This week’s Torah portion is every rabbi’s dream – particularly at this time of year. Because every year as the High Holy Days grow near, almost every rabbi I know struggles with the spiritual dilemma of whether or not to use this rare opportunity when almost the entire congregation stands before them, to openly solicit financial support for the synagogue. The struggle is a real one, since every synagogue without a large endowment depends totally upon the personal generosity of its members for its very survival each and every year.
For some the dire financial situation of their congregations leaves little room for any ethical or spiritual dilemma whatsoever. They know for certain that if they don’t manage to inspire the members of their community to open their hearts and financial resources to the congregation, there will simply not be enough money to meet the payroll. Rabbis, cantors, and educators will not receive their salaries, bills will go unpaid, and the congregation will sink deeper and deeper into debilitating debt.
But for most of us, the situation isn’t that cut and dried. We have faith that even though dues only cover 75% of our budget each year, somehow, the bills will get paid, the staff will receive their salaries, the teachers will get their paychecks, the lights will stay on, the building maintained, the trees watered, and the books and materials needed for our children’s education will be bought.
And yet every year we worry. What if the new members that we hope will join (and that we based our $3 million plus budget on) don’t materialize? What if the economic downturn continues and more and more of people’s “discretionary” giving dries up?
We watch as members who gave $4,000 for dues last year, are suddenly giving $2,000 this year; or those who gave $2,000 last year give $1,000 this year, or don’t rejoin at all, telling us “We are taking a break for a year or two.” And instead of using our energy to create new opportunities for spiritual growth, new educational innovations for our children, experiments in adult Jewish study, creative musical productions, CDs and concerts, and bringing in top-notch Jewish thinkers and authors as scholars-in-residence, we suddenly find ourselves spending our time worrying about how we will make the budget, whether we need to start a fund raising campaign, or at least make sure we convince people to remember to include KI in their wills.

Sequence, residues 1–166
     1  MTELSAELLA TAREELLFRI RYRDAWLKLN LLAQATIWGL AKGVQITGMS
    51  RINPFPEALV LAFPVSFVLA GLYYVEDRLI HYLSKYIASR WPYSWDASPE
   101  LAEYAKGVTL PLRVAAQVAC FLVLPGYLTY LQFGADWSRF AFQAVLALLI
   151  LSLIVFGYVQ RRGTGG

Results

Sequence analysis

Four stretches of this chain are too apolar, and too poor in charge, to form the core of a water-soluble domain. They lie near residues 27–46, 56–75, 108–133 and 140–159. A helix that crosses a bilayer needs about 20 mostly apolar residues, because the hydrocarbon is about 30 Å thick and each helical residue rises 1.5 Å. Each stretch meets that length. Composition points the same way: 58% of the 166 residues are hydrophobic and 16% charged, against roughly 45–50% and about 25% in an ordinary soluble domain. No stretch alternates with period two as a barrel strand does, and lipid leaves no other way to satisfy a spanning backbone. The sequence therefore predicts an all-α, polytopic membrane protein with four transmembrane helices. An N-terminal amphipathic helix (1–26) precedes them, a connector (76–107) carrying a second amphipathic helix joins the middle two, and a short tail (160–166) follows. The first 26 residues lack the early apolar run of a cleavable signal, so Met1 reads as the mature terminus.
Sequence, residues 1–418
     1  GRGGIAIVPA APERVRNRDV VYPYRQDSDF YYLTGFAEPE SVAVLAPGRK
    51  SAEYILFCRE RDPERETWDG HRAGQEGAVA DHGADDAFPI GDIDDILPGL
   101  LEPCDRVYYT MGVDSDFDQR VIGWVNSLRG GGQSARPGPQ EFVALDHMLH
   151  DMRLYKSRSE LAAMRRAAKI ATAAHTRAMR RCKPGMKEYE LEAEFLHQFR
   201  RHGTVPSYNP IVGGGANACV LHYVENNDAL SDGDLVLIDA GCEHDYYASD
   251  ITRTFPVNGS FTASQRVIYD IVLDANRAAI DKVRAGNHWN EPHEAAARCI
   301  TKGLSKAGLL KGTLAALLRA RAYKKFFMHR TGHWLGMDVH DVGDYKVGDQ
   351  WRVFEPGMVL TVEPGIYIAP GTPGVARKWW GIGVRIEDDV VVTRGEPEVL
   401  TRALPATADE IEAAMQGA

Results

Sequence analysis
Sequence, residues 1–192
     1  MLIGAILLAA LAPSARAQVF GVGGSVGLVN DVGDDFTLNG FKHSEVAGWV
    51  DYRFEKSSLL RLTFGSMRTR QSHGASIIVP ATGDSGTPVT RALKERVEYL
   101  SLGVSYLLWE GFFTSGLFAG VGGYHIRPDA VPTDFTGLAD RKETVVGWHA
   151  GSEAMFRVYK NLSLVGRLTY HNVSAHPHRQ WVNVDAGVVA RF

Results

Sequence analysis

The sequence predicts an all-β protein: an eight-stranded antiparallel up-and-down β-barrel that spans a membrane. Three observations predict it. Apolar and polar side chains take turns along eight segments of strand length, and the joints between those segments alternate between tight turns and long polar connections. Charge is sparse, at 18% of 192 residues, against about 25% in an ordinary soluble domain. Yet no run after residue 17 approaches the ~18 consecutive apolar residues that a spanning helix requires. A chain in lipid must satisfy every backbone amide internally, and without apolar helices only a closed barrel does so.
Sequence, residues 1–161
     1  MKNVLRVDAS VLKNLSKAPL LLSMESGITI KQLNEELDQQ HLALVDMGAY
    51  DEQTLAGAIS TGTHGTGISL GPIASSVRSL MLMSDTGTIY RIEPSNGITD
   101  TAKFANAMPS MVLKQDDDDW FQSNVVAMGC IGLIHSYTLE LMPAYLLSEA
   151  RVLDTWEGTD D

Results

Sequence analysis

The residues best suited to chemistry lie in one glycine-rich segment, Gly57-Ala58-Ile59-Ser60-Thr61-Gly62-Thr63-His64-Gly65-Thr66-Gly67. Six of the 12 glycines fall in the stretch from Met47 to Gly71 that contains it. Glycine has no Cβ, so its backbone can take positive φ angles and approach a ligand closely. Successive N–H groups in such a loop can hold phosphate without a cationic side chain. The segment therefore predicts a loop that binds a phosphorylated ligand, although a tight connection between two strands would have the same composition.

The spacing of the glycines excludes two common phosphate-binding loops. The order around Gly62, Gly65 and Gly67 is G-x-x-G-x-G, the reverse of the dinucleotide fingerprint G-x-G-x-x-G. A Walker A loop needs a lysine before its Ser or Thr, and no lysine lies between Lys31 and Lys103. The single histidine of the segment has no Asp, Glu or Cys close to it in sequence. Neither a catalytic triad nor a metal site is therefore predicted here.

So the High Holy Days come along, and we gaze at that large, affluent crowd of several thousand, and we feel the urge to pass out pledge cards and make a heart-felt appeal for support. And once again, we manage to resist, and keep our focus on creating the most inspiring spiritual experience we can – and have faith that people will care on their own, and the support will come anyway.
And in the midst of wrestling with this annual dilemma, here comes this week’s Torah portion. And every rabbi (and temple president and executive director) reads it, and dreams: “If only…”
For in this portion Moses tells the children of Israel, “You shall enjoy, together with the Levite and the stranger in your midst, all the bounty that Adonai your God has bestowed upon you and your household.” And after they experience the blessings of success and bounty that God will bestow upon them, they are to “set aside in full the tenth part of your yield…and give it to the Levite (that’s their version of the synagogue), the stranger, the fatherless, and the widow (that’s their version of social service charities).”
Imagine what would happen to our synagogues, our charitable non-profits, our Jewish federations and community centers, if everyone actually gave one tenth of their success, one tenth of their blessings as a tithe of thanksgiving as this week’s Torah portion suggests?
Every rabbi dreams about it, and imagines the incredible impact we might have on the quality of life in our congregation and community – the best cutting edge educational experiences for young and old with the ability to transform the spiritual life of every member of our community.
Then the portion goes on to describe the blessings that will come when we follow the spiritual laws of God and the vast array of curses that will befall us if we don’t. And we remember each High Holy Day season as we look out at the faces of our congregation and community, that the most important blessing of all, is that Judaism remains important enough in your lives, that you make sure you are there. And we know that as long as that happens, everything else will work out as it should.